Elizabeth Warren has made history in her race for the U.S. Senate — winning the largest margin of delegates ever in a Massachusetts Democratic Party contest for statewide office, according to party leaders.
"Are you ready? Are you ready to take on Wall Street? Are you ready to take on Big Oil?" Warren asked cheering delegates inside the MassMutual Center in Springfield on Saturday. She had just picked up almost 96 percent of their vote, thereby avoiding a primary against immigration attorney Marisa DeFranco, who would have had to capture 15 percent to be on the primary ballot.
Earlier, Warren walked part of the convention floor and greeted delegates — most in the hall wearing T-shirts and pins bearing her name. It became clear early in the day that she would sail through the vote, and also clear she views this as a moment to move past the controversy over her claim of Native American heritage. Outside, a planned Cherokee protest of her amounted to three people with signs who declined to identify themselves.
"We're out here to talk about what I've worked my heart out for 25 years," Warren told WBUR. "And that is what's happening to America's middle class, what's happening to America's working families. They've been hammered, and this is the first step in turning that around."
Supporters of DeFranco, and the feisty candidate herself, were much harder to find. But a small contingent of delegates with signs bearing her name said they were confident she'd get the 15 percent. And delegate Nancy Weinberg of Newbury said that would be good for the political process.
"I think we need a primary. I think that it's the right thing to do. It's the small 'd' democratic thing to do," Weinberg said.
But they were up against influential Democrats including former Gov. Michael Dukakis, who asked delegates to fully rally around Warren so she'd avoid the primary and be able to focus all of her attention on Scott Brown.
"I want Elizabeth Warren to come out of here with an overwhelming vote, so we can begin tomorrow to organize every one of the 2,157 precincts in the state," Dukakis said. "I don't think we need this kind of distraction, because that's what it is. This is going to be a tough race."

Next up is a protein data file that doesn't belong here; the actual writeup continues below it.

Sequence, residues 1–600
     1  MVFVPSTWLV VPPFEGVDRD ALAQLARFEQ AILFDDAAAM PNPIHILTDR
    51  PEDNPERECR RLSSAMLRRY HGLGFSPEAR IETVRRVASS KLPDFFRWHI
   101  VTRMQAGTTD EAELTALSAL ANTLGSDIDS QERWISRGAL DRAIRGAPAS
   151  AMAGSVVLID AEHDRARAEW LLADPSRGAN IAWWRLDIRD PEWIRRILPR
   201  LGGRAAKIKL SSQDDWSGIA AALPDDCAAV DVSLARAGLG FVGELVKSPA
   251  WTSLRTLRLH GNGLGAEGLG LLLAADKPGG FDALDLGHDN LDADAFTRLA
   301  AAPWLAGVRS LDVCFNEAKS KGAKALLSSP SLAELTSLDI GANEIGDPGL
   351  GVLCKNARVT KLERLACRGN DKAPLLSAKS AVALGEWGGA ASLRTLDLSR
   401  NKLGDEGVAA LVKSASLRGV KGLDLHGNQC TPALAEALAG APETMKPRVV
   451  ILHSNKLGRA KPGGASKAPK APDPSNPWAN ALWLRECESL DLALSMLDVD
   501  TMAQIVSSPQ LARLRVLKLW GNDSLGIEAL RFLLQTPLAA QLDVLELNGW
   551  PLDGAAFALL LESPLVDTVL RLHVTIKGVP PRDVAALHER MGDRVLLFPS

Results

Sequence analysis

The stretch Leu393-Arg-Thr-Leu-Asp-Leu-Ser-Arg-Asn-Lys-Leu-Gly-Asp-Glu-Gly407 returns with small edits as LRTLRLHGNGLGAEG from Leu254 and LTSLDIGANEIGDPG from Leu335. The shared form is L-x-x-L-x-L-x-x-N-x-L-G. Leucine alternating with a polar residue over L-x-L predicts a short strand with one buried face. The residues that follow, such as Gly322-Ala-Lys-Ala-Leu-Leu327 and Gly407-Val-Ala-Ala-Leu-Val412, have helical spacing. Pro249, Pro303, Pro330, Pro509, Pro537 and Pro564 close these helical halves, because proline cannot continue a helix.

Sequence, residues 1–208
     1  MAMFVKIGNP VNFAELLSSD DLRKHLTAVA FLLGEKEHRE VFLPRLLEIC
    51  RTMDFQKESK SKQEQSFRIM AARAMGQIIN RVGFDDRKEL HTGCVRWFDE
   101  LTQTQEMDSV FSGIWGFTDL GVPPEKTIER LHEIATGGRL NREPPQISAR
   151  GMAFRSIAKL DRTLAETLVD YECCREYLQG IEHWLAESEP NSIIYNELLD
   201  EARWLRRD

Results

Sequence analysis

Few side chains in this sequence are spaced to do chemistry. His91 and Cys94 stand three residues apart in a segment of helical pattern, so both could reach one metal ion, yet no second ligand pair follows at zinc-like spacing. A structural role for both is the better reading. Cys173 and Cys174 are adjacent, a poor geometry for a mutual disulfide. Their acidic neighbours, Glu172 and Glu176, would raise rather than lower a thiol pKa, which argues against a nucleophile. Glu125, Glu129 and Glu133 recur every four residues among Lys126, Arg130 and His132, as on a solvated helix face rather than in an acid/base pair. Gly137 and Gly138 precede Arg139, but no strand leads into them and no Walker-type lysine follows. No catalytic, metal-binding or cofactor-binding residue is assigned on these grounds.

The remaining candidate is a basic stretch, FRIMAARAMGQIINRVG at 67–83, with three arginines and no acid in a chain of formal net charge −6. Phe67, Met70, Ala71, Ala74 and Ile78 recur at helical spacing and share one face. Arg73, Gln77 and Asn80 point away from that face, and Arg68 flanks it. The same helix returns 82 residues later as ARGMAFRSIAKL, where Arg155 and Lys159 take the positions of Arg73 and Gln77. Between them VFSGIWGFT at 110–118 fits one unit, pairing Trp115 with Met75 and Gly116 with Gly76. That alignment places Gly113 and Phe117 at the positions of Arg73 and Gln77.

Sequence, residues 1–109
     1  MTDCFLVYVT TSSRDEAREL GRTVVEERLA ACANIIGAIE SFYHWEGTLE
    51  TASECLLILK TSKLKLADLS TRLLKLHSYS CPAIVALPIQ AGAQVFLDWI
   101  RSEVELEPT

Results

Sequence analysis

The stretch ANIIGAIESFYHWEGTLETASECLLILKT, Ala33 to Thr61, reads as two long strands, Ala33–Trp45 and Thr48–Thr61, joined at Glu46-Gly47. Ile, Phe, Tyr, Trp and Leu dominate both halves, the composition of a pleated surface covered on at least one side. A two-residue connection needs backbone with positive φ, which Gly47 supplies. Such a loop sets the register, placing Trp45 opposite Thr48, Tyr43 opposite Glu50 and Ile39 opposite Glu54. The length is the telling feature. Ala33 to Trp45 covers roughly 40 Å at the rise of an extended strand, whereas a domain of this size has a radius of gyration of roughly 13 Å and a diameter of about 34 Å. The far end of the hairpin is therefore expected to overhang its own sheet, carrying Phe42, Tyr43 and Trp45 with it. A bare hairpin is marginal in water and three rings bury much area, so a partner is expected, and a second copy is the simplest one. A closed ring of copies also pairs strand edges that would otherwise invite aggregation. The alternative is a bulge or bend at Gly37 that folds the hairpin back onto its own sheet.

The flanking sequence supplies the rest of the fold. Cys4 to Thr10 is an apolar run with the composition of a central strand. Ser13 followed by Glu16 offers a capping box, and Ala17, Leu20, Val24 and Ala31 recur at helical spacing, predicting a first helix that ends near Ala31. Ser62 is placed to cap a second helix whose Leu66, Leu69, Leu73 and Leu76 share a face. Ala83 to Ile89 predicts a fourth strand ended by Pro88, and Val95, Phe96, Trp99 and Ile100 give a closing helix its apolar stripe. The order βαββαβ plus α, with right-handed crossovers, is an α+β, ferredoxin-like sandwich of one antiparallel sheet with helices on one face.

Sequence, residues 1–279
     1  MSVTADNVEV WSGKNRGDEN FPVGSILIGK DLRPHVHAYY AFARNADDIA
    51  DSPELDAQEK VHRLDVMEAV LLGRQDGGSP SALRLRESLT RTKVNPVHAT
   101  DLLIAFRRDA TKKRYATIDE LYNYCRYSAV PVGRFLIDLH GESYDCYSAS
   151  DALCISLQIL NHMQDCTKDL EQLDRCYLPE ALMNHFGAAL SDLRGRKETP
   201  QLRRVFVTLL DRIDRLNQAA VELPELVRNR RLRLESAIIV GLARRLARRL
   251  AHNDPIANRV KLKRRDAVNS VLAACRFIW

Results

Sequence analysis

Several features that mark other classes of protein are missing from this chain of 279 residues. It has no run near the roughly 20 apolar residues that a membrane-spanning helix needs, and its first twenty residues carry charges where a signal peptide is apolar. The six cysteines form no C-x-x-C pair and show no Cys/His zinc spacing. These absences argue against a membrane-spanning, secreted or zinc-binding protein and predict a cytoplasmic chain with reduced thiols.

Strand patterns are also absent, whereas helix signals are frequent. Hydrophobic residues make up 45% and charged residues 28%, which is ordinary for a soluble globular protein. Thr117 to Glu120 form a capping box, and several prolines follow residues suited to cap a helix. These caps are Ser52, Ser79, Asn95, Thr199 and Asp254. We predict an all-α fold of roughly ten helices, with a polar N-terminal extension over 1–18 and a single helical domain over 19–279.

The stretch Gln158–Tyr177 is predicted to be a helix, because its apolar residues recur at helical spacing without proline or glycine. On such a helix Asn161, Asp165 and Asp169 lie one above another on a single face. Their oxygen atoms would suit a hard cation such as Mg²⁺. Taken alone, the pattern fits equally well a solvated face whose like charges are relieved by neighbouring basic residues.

Gov. Deval Patrick fired up the crowd, campaigning just as much for President Obama as Warren.
"If we want to win elections in 2012, if we want to keep Barack Obama in the White House, win back our Senate seat, and move our country forward, if we want to earn the privilege to lead, then it is time for Democrats to grow a backbone and stand up for what we believe!" Patrick said.
Warren, and later DeFranco, went on the attack against Brown — Warren taking a jab at him over the Native American flap as his strategy to win.
"His answer is to talk about my family and how I grew up," Warren said. "Well I say this: 'If that's all you've got, Scott Brown, I'm ready.' "
"Scott Brown has made it crystal clear about what kind of election he is going to run. He is going to make this a street fight. And we need a candidate who can take a punch and come out fighting with ideas and solutions," said DeFranco.
Then, after a drawn-out voting process — with delegates calling out their candidate of choice -- Democratic Party Chairman John Walsh announced Warren had not only won an overwhelming marjority, but 10 percent more than she needed to prevent a primary.
With Bruce Springsteen's "The Rising" booming, Warren thanked supporters, thanked DeFranco for her passion and commitment to democratic values, then asked the crowd to help keep Republicans from taking control of the Senate.
Then said she's ready to debate Scott Brown.
This program aired on June 3, 2012.